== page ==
Shielded from Oversight

The Disastrous US Approach to Strategic Missile Defense

Published Jun 23, 2016


Decades of research and development. Forty billion in taxpayer dollars. Test flights that fail more often than not.

It’s not the beginning that George W. Bush envisioned for US missile defense when he ordered the system built in 2002. And yet it’s the reality of national missile defense today—an expensive false promise that was rushed to the field without oversight or accountability.

How did we get here—and what does it mean for US security? Analysis by the Union of Concerned Scientists found fundamental flaws throughout the missile defense program, from its administration and oversight procedures to the tough technical realities of defending against a nuclear strike. Congress and the administration owe it to national security—and US taxpayers—to critically reevaluate the system’s purpose, costs, and benefits.

Sixty years of a bad idea

Defending the United States from nuclear-tipped missiles is not a new idea. In the 1950’s and 60’s, both the United States and Soviet Union experimented with “defensive” nuclear missiles, meant to intercept and destroy incoming warheads.

What’s next?

Despite years of evidence to the contrary, US officials still make broad and misleading claims about the GMD system’s effectiveness. Congress has urged adding a new East Coast missile defense site several times, and has proposed legislation that would greatly expand the role and mandate of the current system.

But in its current form, strategic missile defense is a waste of resources at best and dangerous at worst. It is not a reliable defense under real-world conditions; by promoting it as a solution to nuclear conflict, US officials complicate diplomatic efforts abroad, and perpetuate a false sense of security that could harm the US public.

Missile defense basics

The premise behind national missile defense is simple: when a hostile launch is detected, destroy the incoming missiles by ramming them with ground-launched “interceptors” (a strategy known as “hitting a bullet with a bullet”). In reality, the system is easy to defeat, and has routinely failed even simple, heavily-scripted test intercepts.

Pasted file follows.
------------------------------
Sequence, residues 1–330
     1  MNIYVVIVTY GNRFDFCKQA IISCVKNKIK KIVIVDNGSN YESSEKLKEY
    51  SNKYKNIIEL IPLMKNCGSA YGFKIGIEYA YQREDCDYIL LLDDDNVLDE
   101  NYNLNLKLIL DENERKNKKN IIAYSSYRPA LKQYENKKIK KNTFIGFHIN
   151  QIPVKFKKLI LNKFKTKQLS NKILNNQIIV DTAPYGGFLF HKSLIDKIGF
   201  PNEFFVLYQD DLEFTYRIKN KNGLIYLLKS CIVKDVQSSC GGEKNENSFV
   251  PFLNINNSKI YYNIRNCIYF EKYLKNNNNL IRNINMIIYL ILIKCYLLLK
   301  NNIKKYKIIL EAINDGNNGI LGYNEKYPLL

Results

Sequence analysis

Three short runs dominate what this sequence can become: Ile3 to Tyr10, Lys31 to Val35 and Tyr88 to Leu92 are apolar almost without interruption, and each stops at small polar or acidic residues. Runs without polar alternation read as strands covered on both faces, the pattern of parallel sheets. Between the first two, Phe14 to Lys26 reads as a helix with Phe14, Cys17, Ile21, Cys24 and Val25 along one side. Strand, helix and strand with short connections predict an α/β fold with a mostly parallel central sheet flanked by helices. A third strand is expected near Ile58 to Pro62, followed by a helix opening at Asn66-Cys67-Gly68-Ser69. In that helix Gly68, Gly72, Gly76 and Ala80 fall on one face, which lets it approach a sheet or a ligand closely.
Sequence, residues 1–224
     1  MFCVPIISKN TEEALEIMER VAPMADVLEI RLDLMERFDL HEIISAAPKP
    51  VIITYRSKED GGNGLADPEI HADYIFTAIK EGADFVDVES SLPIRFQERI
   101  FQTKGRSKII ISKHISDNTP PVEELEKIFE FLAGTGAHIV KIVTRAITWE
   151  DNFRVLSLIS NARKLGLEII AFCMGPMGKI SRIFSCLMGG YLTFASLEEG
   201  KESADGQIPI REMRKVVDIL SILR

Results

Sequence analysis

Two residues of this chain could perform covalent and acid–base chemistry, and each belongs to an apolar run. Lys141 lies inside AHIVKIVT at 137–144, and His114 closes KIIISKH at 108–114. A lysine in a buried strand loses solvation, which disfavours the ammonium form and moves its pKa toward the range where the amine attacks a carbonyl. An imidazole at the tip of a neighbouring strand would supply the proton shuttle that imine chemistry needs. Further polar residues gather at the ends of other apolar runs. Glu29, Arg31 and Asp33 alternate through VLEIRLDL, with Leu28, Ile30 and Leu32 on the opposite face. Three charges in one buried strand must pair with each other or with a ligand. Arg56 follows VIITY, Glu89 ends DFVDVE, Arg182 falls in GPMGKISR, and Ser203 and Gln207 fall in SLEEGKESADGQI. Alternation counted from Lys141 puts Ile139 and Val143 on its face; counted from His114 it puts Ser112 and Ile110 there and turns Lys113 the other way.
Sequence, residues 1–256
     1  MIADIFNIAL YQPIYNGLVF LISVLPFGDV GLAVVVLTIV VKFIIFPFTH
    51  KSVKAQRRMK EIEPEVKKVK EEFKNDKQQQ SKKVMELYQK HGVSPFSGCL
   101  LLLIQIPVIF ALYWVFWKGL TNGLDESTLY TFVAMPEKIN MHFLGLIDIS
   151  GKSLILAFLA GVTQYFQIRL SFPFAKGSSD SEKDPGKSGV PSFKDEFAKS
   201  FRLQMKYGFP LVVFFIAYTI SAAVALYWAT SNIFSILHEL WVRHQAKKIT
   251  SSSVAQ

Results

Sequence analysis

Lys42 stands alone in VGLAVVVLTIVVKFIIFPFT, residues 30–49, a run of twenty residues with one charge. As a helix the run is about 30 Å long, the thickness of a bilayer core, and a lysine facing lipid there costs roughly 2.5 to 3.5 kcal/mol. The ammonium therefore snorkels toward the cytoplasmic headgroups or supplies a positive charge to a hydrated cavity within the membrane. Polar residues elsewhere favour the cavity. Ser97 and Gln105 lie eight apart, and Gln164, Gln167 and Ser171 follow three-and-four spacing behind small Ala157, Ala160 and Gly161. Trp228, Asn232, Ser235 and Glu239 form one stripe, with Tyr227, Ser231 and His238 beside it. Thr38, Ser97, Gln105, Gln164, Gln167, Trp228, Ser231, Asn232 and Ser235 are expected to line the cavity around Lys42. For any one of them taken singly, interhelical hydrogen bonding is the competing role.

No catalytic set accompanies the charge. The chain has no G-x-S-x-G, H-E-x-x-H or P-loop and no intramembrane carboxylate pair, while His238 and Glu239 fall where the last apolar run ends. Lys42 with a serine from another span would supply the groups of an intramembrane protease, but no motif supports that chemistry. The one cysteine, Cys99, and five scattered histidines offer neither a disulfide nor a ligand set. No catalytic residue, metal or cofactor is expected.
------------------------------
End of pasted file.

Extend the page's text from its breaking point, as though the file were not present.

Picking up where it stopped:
Read more about how missile defense works here >

Those early efforts were mostly abandoned with the signing of the Anti-Ballistic Missile (ABM) Treaty in 1972, as both nations recognized the risk of an out-of-control arms race (one “solution” for overcoming missile defense is to simply overwhelm it).

And yet, national missile defense—the idea of knocking intercontinental ballistic missiles (ICBMs) out of the sky—kept popping up. President Ronald Reagan included it in his vision for making nuclear weapons “impotent and obsolete”; the Clinton administration focused on simple threats from emerging states; and in 2002, George W. Bush officially withdrew from the ABM treaty and ordered the rapid, immediate fielding of a national missile defense system (officially termed “Ground-based Midcourse Defense,” or GMD).

Ineffective and expensive

Under Presidents Bush and Obama, the newly-christened US Missile Defense Agency established two missile defense sites—one in Fort Greely, Alaska, the other at California’s  Vandenberg Air Force base. The implied goal was, and continues to be, to defend the United States against a nuclear attack from an emerging or rogue state, such as North Korea or Iran.

The system faced fundamental technical issues from the very beginning. Early analysis by the Union of Concerned Scientists showed how countermeasures (such as decoy warheads) could defeat US missile defense—and that such countermeasures would be available to any country developing intercontinental ballistic missiles.

The United States didn’t listen. In the 15 years since Bush’s order, the GMD system consistently failed intercept tests—six out of nine—despite heavily-scripted test conditions that don’t mirror real-world conditions. Countermeasures were never addressed, and administration officials never offered a credible technical approach or vision on how to do so.

To date, the system has cost more than $40 billion—and there’s no end in sight.

Missile defense quick facts

Who’s accountable?

From the first days of its deployment, the GMD system suffered from a disturbing lack of accountability. Rather than using the standard, time-tested “fly-before-you-buy” approach to developing military systems, the Bush administration fast-tracked missile defense, exempting it from many of the mandatory oversight, accountability, and financial transparency procedures used by Congress and the military for decades.

President Obama’s administration did little to change course.

The result? Expensive purchases of unproven technologies, major schedule and cost overruns, an abysmal test record, and, nearly fifteen years later, no proven capability to protect the United States—and no credible path forward for achieving success.

Related resources